|School||Cardiff School of Planning and Geography|
|External Subject Code||K400|
|Number of Credits||20|
|Language of Delivery||English|
|Module Leader||Dr Georgina Santos|
The module is organised into two parts. Part A provides a generic introduction to and an overview of social science research methods for planning. In addition, Part A of the module will provide the opportunity for students across all courses to attend “Master-classes” from experts across the School of Planning and Geography in specific methods, techniques and perspectives.
Part B provides skills and contexts in subject-specific epistemological paradigms, methodologies and methods. It is specific to the MSc International Planning and Development, preparing students for research in spatial planning and international development and related professional practice.
Together, Parts A and B of the module give students a robust post-graduate level understanding of the tasks involved in undertaking pure and applied research for spatial planning and international development problems.
Part A - Generic
Part B - Course Specific
(1) critically assess different research approaches and methodologies relevant to international planning and development;
(2) compare different approaches to knowledge production in the area of research they have chosen for their dissertation;
(3) reflect on the role of social and institutional contexts for the research process in their area of expertise;
(4) identify and evaluate different sources of evidence in their own field of research;
(5) identify and reflect on major ethical issues relating to their own research;
(6) develop a dissertation project and conceptualise and plan the research process and its component steps;
(7) apply skills in selected methods relevant to the dissertation;
(8) appreciate and present the spatial implications of various planning and public policy initiatives.
Part A:will be delivered by lectures supported by ‘masterclass’ workshops on particular designs and methods.Additionally, Students will be required to attend four from a choice of research methods masterclasses delivered by experts from the field. For illustrative purposes in the past these have included the following:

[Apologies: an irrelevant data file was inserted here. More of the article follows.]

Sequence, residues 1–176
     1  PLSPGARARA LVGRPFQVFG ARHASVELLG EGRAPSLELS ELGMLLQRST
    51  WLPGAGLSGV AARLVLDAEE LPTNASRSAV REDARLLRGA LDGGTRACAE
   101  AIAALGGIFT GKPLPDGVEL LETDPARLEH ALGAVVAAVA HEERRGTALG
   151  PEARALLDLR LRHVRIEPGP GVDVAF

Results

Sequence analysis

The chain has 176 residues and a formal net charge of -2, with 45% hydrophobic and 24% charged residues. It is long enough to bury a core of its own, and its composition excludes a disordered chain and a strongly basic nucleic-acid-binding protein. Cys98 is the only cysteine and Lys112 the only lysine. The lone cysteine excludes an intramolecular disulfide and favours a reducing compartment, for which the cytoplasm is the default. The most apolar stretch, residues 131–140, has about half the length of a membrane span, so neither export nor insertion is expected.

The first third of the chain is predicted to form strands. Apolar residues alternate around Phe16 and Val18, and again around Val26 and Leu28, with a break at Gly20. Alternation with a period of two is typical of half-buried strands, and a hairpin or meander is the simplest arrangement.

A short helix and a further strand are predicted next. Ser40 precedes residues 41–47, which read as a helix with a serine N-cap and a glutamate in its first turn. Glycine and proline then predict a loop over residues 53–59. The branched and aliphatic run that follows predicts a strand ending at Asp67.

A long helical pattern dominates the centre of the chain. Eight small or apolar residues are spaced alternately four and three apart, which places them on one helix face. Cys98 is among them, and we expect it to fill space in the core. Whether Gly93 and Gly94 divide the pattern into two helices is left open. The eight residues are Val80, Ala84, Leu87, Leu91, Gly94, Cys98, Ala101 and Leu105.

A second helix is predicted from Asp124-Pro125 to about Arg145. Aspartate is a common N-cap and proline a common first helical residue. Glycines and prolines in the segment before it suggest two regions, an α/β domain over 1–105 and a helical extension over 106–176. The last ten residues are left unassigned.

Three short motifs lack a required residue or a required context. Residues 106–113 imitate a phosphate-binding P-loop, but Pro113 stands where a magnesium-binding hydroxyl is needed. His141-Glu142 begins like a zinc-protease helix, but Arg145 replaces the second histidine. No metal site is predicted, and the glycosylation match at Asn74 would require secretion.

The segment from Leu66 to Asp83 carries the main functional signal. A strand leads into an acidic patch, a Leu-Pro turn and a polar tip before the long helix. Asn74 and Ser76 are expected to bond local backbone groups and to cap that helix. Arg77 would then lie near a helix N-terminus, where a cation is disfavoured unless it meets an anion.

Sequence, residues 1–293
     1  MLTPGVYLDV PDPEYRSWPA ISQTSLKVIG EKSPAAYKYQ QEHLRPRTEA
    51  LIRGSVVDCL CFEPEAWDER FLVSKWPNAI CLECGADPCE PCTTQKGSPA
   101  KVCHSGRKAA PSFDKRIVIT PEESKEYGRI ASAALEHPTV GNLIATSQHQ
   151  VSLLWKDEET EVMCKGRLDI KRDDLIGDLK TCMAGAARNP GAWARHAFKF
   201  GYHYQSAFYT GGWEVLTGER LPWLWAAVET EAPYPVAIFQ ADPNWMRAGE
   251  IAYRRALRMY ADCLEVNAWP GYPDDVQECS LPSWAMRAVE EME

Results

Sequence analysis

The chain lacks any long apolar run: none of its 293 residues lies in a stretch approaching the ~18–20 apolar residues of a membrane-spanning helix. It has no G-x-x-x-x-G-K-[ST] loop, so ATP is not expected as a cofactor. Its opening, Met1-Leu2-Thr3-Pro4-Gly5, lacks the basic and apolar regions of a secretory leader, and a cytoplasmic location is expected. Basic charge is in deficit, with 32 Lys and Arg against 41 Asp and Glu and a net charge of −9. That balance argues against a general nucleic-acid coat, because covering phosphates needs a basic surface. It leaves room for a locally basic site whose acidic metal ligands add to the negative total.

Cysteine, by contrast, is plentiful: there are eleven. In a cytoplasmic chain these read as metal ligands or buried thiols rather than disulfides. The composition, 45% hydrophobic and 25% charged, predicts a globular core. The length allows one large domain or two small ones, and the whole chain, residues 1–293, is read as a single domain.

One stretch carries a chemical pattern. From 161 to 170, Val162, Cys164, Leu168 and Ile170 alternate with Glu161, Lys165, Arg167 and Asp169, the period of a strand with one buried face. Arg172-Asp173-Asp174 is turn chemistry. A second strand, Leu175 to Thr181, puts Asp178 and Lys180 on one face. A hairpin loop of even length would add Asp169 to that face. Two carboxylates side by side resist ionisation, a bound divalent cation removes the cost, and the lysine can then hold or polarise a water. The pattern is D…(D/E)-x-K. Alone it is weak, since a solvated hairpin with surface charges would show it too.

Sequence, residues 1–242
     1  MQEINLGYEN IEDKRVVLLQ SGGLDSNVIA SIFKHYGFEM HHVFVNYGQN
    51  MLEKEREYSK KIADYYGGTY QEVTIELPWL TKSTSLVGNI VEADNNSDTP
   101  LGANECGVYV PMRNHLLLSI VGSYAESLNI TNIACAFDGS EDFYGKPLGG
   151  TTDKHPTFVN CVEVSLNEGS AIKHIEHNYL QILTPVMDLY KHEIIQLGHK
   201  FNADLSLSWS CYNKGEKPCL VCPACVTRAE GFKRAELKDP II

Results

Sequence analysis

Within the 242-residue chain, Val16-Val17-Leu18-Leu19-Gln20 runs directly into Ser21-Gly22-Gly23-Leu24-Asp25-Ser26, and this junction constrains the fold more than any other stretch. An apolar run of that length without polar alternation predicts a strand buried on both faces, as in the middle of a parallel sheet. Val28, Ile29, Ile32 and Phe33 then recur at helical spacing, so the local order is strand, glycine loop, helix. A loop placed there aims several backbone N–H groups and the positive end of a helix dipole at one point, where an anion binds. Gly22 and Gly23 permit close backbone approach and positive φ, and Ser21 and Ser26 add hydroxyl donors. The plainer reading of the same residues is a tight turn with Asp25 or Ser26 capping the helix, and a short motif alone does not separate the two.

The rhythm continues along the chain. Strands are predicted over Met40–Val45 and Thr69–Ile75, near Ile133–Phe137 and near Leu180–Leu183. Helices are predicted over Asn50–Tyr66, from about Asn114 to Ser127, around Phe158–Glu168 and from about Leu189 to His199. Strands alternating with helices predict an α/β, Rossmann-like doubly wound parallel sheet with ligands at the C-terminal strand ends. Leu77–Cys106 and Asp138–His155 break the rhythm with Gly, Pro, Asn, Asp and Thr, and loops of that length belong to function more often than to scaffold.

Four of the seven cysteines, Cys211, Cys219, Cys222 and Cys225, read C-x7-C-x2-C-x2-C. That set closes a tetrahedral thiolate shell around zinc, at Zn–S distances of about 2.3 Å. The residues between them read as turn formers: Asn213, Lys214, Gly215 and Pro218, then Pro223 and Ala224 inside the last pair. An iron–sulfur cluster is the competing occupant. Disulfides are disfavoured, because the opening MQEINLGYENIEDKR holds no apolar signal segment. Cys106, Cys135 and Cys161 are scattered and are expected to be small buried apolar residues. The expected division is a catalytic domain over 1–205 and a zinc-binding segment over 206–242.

Part ‘B’ will be delivered by a combination of lectures, seminars, dissertation mentor (not supervisor) sessions and laboratory exercises. It is a hands-on module.In particular, this will include four sessions on the use of GIS Mapping, to include: data classification and handling; mapping and geo-visualisation; spatial analysis and processing; and land use and site selection, to include a mixture of lectures and laboratory sessions
In Part (A) students will practise and develop a number of skills. Students will learn to identify the relative merits of contrasting epistemological and methodological perspectives on the research process. They will learn when and how to use different research methods. They will develop skills in ideas generation and in the identification of a researchable topic. Students will also develop skills in writing research proposals and undertaking literature reviews. Whilst not actually carrying out independent research in this module, students will be given the necessary skills to design and implement a piece of research on their own.
In part (B) students will improve skills they already have, and: (i) be able to discuss their topic of research with their dissertation supervisor; and (ii) present in a clear manner (both orally and in writing) the reasons behind their choices (of research topic, key readings, methods, sources of information). The module provides an excellent opportunity to practise and master a number of skills related to research design and implementation, but also in respect to self-discipline, organisation and critical reflection. Many of these are neglectedin the noise and quick speed of lectures, classes and seminars and this module will provide students with the opportunity to think carefully about their research project. Students will be expected to: